·         Ancestral East Asians had to adapt to coronavirus epidemics around 25,000 years ago

·         They adapted by acquiring mutations that are close to genes that regulate the development of lung tissue and other tissues affected by COVID-19

·         Those mutations either promote or block infection by coronaviruses (Souilmi et al. 2021, p. 3505).


The last finding is puzzling. Did those ancestral East Asians become more vulnerable or less vulnerable to coronaviruses? The authors simply say that half of those mutations from 25,000 years ago have “anti- or proviral effects” versus 29% of all proteins that interact with coronaviruses (Souilmi et al. 2021, p. 3509). Fine. But how many of those mutations were antiviral and how many proviral?


It might seem strange that natural selection would actually make people more susceptible to coronavirus infections. Yet such susceptibility could be beneficial. A viral infection can boost immunity to other pathogens, including deadly ones that cause tuberculosis, pneumonia, or pneumonic plague. Until recently, coronaviruses were typically mild in their effects, producing what we call the “common cold.” They may thus act as a natural vaccine against deadlier respiratory diseases (Frost 2020).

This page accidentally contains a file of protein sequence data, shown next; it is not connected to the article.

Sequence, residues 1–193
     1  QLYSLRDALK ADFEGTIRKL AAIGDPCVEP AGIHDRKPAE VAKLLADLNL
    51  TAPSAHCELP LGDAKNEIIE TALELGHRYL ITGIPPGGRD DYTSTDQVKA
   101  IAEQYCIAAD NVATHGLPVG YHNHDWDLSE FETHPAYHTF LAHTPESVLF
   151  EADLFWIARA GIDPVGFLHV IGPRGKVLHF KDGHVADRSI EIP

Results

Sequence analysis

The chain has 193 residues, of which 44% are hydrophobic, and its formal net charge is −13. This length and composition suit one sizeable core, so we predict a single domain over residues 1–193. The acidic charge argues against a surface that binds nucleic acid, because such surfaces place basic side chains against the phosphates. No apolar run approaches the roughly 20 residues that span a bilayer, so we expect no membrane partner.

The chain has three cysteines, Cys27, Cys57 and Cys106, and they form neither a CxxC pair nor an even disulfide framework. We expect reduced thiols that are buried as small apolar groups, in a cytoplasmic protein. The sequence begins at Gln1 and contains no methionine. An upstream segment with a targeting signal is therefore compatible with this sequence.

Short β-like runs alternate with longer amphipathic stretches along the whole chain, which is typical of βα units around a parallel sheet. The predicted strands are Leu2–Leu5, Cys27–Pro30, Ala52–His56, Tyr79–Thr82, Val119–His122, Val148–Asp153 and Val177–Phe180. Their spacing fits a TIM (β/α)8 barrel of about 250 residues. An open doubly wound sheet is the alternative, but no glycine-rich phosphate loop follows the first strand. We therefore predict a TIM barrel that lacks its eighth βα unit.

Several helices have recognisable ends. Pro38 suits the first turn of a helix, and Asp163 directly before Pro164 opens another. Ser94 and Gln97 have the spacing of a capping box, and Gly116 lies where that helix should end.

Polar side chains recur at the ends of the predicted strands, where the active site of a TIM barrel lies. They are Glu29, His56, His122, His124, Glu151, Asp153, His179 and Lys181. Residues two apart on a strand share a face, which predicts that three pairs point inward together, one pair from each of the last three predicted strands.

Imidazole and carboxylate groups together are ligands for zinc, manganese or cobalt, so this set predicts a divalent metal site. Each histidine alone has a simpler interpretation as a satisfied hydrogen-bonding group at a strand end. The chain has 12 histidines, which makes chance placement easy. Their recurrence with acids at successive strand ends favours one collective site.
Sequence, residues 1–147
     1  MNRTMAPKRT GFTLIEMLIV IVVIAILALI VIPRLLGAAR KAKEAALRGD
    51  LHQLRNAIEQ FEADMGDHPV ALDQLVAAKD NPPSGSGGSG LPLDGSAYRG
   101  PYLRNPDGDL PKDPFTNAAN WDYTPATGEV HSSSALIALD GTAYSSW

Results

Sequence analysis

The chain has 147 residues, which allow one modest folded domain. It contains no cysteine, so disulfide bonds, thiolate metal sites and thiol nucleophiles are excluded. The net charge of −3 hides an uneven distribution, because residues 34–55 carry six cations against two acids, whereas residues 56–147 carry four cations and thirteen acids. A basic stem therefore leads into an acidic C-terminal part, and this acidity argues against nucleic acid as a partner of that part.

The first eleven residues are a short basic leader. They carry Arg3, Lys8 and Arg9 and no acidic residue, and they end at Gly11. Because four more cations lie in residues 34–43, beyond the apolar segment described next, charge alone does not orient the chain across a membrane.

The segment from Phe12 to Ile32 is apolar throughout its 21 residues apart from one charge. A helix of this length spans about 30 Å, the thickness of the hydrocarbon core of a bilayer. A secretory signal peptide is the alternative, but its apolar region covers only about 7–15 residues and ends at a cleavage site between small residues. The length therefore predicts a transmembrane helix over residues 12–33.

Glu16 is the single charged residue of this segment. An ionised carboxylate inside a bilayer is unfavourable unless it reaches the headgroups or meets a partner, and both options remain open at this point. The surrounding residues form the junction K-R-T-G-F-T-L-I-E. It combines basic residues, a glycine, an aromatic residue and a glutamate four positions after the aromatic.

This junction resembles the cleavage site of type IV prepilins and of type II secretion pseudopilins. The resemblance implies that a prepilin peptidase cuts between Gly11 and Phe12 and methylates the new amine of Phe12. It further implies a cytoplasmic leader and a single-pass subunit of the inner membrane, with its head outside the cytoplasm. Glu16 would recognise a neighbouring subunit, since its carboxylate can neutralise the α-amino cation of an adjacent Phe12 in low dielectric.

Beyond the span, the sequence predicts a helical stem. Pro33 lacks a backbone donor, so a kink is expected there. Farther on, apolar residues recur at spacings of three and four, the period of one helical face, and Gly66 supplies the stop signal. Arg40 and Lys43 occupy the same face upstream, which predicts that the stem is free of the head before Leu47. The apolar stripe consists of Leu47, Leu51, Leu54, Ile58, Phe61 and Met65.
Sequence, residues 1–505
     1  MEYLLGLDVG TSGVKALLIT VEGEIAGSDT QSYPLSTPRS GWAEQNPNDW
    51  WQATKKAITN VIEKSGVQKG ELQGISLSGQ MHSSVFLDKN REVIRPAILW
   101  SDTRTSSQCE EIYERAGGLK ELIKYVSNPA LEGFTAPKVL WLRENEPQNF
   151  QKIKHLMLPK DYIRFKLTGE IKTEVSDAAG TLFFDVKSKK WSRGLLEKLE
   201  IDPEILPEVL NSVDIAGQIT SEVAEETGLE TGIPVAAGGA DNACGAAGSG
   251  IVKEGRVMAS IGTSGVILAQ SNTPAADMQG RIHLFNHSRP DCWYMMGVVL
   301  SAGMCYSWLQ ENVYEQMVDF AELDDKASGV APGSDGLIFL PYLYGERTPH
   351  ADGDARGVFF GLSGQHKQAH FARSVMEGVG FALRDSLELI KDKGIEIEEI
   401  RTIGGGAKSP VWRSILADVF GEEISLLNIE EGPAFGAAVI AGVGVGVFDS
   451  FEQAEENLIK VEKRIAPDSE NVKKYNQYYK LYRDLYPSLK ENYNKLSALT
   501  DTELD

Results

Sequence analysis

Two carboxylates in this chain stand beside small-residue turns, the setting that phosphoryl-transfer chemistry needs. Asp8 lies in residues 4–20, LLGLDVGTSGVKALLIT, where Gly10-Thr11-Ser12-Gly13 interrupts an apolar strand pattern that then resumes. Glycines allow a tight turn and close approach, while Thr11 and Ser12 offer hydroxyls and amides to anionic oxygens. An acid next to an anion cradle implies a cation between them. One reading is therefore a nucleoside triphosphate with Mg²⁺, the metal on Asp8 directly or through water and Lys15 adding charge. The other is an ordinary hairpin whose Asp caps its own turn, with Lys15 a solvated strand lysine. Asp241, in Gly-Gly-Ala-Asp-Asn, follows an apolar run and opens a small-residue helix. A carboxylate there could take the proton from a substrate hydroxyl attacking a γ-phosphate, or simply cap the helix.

Respiratory diseases are believed to have become serious for humans when hunting and gathering gave way to farming. People became sedentary and their settlements grew larger with time, thus providing respiratory viruses with better conditions for propagation (Comas et al. 2013). This theoretical model is in conflict, however, with the above finding that ancestral East Asians began adapting to coronaviruses some 25,000 years ago, long before they adopted farming and became sedentary. We’re thus left with the unlikely conclusion that coronavirus epidemics began among scattered bands of hunter-gatherers.